Does Your Audience Like The Way That You Move Speaker?

You don't need to dance while you are speaking, but you do need to move
You don’t need to dance while you are speaking, but you do need to move

This giving a speech thing is hard to do! Think of all of the various things that you need to do at the same time: remember the words that you want to say, keep eye contact with your audience, keep your hands at your sides, maximize your audience’s listening skills, etc. Oh yeah, there’s one more thing – you need to remember to dance

Why Moving Your Body While Speaking Is So Important

When it comes to moving your body, today’s speakers get a lot of mixed messages from the so-called experts. On one hand, since new speakers tend to be nervous and move around way too much, they are often told to find a spot and to then plant their feet there and not to move.

This is a good way to solve the problem. However, it just creates another problem: as a speaker you suddenly become quite boring. That’s right I said the “B” word – boring. You need to remember that in addition to the words that you are saying, your body has a language of its own and it’s trying to tell its own story – using body language. By not moving, you are muzzling this conversation with your audience.

Additionally, when you are in front of an audience giving a speech, despite the importance of public speaking, you are not one of them. You are removed from them. In order to be a successful speaker you need to find a way to break down the wall that exists between you and your audience. The good news is that you already know how to do this – use your body language.

How To Effectively Move Your Body While Giving A Speech

Knowing that you need to move your body in order to support the words that you are saying is an important first step. The next step is to discover exactly how to go about doing this.

The first thing that you need to do is to get closer to your audience. If you stand away from them for your entire speech, then you will be seen as being remote and distant. Connect with them by stepping in to the audience for at least part of your speech or, if you are on a stage, step down into the audience for a portion of your speech.

Before you start your speech, you are going to want to pick out three different spots where you’ll stand during your speech. The reason for doing this is that it will allow you to customize the content that you deliver from each position.

You’ll use the first position to deliver the bulk of your presentation. Often times during your speech, you’ll make a point and then you’ll explore alternatives. Use your second position as the place that you’ll stand when you are off on these side tangents. Move back into your primary position when you start your mainstream discussion once again.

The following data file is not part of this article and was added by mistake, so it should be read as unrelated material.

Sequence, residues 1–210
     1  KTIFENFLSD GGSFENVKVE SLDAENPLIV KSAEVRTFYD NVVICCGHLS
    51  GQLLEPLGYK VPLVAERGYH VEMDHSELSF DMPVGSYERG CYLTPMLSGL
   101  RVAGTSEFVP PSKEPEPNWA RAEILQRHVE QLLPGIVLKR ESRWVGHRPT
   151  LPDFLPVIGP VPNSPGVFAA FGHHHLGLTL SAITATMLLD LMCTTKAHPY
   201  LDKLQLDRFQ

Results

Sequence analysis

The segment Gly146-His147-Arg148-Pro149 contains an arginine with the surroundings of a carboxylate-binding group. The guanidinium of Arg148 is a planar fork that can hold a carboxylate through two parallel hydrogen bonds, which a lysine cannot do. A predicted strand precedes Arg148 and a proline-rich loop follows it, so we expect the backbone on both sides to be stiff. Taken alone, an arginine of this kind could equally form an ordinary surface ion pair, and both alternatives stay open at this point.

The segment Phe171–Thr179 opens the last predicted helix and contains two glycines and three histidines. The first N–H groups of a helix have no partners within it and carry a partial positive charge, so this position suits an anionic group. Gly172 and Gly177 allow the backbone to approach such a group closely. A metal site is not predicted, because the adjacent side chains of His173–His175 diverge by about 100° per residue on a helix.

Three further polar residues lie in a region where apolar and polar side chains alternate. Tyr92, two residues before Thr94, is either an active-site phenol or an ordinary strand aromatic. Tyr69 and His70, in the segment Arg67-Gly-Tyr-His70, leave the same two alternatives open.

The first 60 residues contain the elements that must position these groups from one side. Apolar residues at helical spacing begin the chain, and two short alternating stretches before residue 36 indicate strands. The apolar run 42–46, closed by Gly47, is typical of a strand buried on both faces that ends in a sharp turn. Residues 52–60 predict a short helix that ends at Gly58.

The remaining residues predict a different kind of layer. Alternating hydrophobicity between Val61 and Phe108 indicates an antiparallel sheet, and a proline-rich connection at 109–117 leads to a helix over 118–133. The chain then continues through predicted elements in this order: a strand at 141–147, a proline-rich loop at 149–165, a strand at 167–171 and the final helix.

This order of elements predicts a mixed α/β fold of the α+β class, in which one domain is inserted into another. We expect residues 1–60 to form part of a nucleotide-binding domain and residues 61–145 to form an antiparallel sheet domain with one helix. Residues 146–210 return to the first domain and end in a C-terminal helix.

Finally, your third position will be reserved for those times during your speech that you want to get closer to your audience. Use this position to walk out into your audience and to become closer to them.

What All Of This Means For You

On top of everything else that you need to do as a speaker, forget presentation tips — you also have to learn to use your body in a way that will support the words that you are saying. In other words, you need to learn to dance while you give a speech in order for your audience to get the full benefits of public speaking.

The one thing that you don’t want to do is to just plant your feet and not move. This might have been good advice when you were just starting out, but it no longer works. You need to come up with ways to let your body language talk to your audience.

Getting closer to your audience is a great way to do this. Walking out in to the audience allows you to become one with them. Picking three different spots to use while you are delivering your speech is another way to accomplish this.

Body language is a powerful communication tool that speakers can use to truly connect with their audience. You need to take the time before you give your next speech to come up with ways that you can use this tool to make an impact and change lives!

– Dr. Jim Anderson
Blue Elephant Consulting –
Your Source For Real World Public Speaking Skills™

Question For You: Do you think that it is possible to use too much body language when delivering a speech?

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Note: What we talked about are advanced speaking skills. If you are just starting out I highly recommend joining Toastmasters in order to get the benefits of public speaking. Look for a Toastmasters club to join in your home town by visiting the web site Toastmasters is dedicated to helping their members to understand the importance of public speaking by developing listening skills and getting presentation tips. Toastmasters is how I got started speaking and it can help you also!

What We’ll Be Talking About Next Time

I don’t know about you, but I can’t tell you how many times I’ve found myself in a situation in which I needed to share some information with my audience that was too big, or too strange for them to be able to grasp it. What’s a speaker to do? I knew that if I just told them the fact or statistic that I had, there was no way that they would remember what I had said. I needed a better way – isn’t there some collection of presentation tips that would help in this situation? It turns out that there is a better way – use an analogy.

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